Scott’s not the one you need to be worried about.
Yes, Scott has a voice that carries, and a laugh that fills a room. He is very direct in his speech, and often quite free with his opinions. Don’t let that fool you.
Watch out for the glaring blue eyes of Carol. She runs a business like a tight ship, and nothing scares her. Nothing.
Everyone was once a beginner.
Knollwood Kids of all ages know they get to give back to the newest members of the club. Running with beginner riders, helping with camp, and watching new riders fall in love with the lesson horses is all part of the fun of being a member of the club.
No chore is below your ‘pay grade.’
Every Knollwood Kid quickly learns how glamorous horses are.
Wading out in knee deep water in muddy pastures to rescue floating hay tanks while you’re praying that you don’t fall down OR lose your tall boots in the muck is a right of passage.
Walking pastures looking for lost shoes or halters can quickly become a game, and taking hay out to pastures with friends and hay in the wheelbarrow is lots of fun, even when it tips over.
Barn friends are the best.
Let’s face it, horse kids are different. Their phones are used for flashlights more than social media updates. They get excited when the show schedules come out, and when the school barn gets new brooms. Mud, snow, and horse slobber aren’t even noticed, sometimes much to their parents’ dismay.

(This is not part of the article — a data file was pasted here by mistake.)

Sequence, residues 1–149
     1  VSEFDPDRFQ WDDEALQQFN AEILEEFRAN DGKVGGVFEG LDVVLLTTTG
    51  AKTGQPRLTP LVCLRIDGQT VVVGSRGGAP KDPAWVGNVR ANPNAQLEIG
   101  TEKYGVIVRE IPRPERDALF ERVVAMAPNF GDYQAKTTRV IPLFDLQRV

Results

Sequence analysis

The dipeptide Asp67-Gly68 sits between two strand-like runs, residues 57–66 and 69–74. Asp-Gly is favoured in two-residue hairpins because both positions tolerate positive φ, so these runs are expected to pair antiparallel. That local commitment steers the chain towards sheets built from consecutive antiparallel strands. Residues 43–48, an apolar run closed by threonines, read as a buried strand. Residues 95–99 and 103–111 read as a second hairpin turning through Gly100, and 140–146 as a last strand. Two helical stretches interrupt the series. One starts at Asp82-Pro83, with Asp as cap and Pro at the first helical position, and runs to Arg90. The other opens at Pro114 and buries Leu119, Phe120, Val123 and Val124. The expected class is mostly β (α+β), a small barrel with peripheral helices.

So how great is it to walk into the barn and catch up with your fellow horse kids? Spending a night or a show weekend with your barn besties can’t be beat.
And, they become life long friends. Let’s face is, horses aren’t a phase.
Horses Can Break Your Heart.
While we wish our horse friends could live forever, they just can’t. (See ‘Life Isn’t Fair,’ above.)
Some horses leave this world suddenly while some age and just ‘wear out.’ However it happens, it’s tough on those they leave behind, and it’s a challenge to get through.
Knollwood Kids have lost their share of well loved horses including Cartman, Hootie, Louie, and Chip, and it never gets any easier.
Horses are great at keeping secrets.
Having a bad day, or going through a rough patch? Come to the barn, bury your face in your favorite horses’ mane and tell him your secrets. Repeat as needed.
And FYI, Panic, Baxter, Brinkley, and Forest are all great huggers.
Willy is a god.
Don’t think we need to explain that one. He’s been here for 28 years, his jog is legendary for teaching even the smallest rider to post, and he enjoys being a demanding, grand gelding. He’s taken to yelling for his senior food, and lets himself out of his stall to get it.
'That’s way more betterer' may be the ultimate compliment.
Scott’s not one to throw compliments around willy nilly, but if you can earn a ‘That’s way more betterer,’ consider it a great day. If you get a ‘That’s exactly how you do that,’ pat yourself on the back.
We Are Beyond Fortunate
All Knollwood Kids are grateful for the atmosphere created by these fabulous horsemen. Not many kids are lucky enough learn from mentors with such passion for what they do and who are willing to share all their experience to help the next generation feel the passion.
Thank you, Scott and Carol.